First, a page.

Powering Women Entrepreneurs

There are 9.8 million
women-owned businesses in the United States, and almost 90% of them are doing it solo, without any employees. What does it take for a woman to start, operate, and grow a business? Women are stepping up as entrepreneurs, and supportive communities are booming in the form of professional networks, dedicated platforms, and tailored events that help women address and solve their business challenges. They also rely on PCs and other technology that can keep up with their busy lives, and consider productivity, mobility, and innovative design in the devices they choose for work. Women entrepreneurs are coming together in awesome ways, like The Scale Collective event this week in New York City. Microsoft and Intel are proudly presenting this dedicated day of discussion, learning, and inspiration for women leading their own businesses.

We spoke to event speaker Elisa Camahort Page to get her unique perspective on what it takes to succeed as a woman in startups. Camahort Page cofounded BlogHer in 2005, starting as a 3-woman show and growing into a multi-faceted enterprise built around women bloggers, that was ultimately acquired by SheKnows Media in 2014. She now serves as SheKnows Media's Chief Community Officer.

Can you share the story of how BlogHer was born?

BlogHer was born to answer the question “Where are the women who blog?” once and for all in a tangible, can’t-not-see way.

elisa_2In late 2004/early 2005, blogging was just starting to enter the mainstream consciousness, and my two co-founders (Lisa Stone and Jory De Jardins) could see the same hierarchies in which the mainstream media was being replicated online … and it seemed totally unnecessary and counter to the entire spirit of the web.

We started out producing the first BlogHer conference, featuring all women experts and speakers, to challenge the notion that women weren’t a fundamental part of this new media landscape. It was a labor of love that we paid for with our credit cards. But after the first conference, we realized there was a community and an opportunity for us to work together and help all boats rise. That’s when we formed the company, and subsequently launched the web community and the publishing network.

It seems unbelievable today to imagine that folks really did think women wouldn’t adopt web tools and web publishing, when [women] are the majority users of most social web platforms. But what we did at the time was considered really out on a limb.

What do you attribute to the success of BlogHer? Any advice for entrepreneurs just starting out?

First, I would say ask — don’t tell — your users what they want. Spend more time listening than talking. You’re better off figuring out where people want you to lead them than building something in a vacuum to convince people where they want to be led to.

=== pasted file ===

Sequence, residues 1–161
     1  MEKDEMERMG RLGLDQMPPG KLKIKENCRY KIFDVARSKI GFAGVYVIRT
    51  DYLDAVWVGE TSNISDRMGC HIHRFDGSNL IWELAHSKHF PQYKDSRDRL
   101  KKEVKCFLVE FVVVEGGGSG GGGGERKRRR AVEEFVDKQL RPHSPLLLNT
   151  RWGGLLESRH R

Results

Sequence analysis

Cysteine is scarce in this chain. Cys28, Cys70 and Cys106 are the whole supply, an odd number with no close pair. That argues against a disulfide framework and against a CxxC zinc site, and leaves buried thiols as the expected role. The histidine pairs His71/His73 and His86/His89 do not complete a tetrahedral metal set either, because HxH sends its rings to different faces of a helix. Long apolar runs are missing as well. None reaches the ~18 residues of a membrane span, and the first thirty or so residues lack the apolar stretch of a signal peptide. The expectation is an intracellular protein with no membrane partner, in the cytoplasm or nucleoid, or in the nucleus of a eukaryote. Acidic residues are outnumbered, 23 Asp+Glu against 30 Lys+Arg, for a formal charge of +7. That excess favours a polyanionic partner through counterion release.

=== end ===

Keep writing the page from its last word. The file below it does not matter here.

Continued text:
Second, I would say choose partners (and partnerships) that complement you rather than overlap with you. Business relationships and deals shouldn’t be about one side winning and the other losing. If you can’t find the mutual win, it’s probably not the right partner or partnership.

How have you evolved as a professional through BlogHer?

When we started BlogHer, my experience was in high-tech product management and marketing, and in social media consulting. I wasn’t an event person. I wasn’t a PR person. I wasn’t a research person. But when you’re running a startup, you all take on whatever tasks and functions and responsibilities seem most appropriate, and you run with it.

In startup life, you are asking for help and revisiting your focus constantly. That’s part of what makes it exciting. And it’s part of why startup life isn’t for everyone.

What can women get out of networking events and conferences like The Scale Collective and BlogHer?

As an undercover introvert, I recommend attending events with a plan: Check out the speakers, check out the other attendees, check out the sponsors. Who do you want to meet? Who do you want to reconnect with, even if just for a 15-minute coffee?

Depending on your personality, the big cocktail reception is an environment where you might do better to work the room alone, or you might be productive if you find someone you know to tag-team with. Figure out what helps you be your most effective self.

What's a day in your work life like? Share some of your go-to productivity tools.

I wake up quite early, and start my day in bed with my tablet. I check out my social streams, the news, and start to lightly check out email. I work from home, but I travel frequently, so my team knows to send email imagining that I’m looking at them on a mobile phone screen.

I also work remote from most of my team, so we rely heavily on Outlook, messaging apps, shared online documents, and other cloud-based communications and productivity tools to stay connected and on the same page.

That being said, there is definite value to regularly speaking live, so I have regularly scheduled phone one-on-ones and team calls, so we’re engaging in real time. I often use Skype to interview people for my podcast, Who SheKnows.

Join Camahort Page at The Scale Collective event this week, visit Microsoft and Intel small business experts at the Accelerate Your Business booth, and discover more inspiration on Twitter by following #TheScaleCollective. And be sure to explore the Accelerate Your Business page, where you’ll find devices that help entrepreneurs produce great work fast.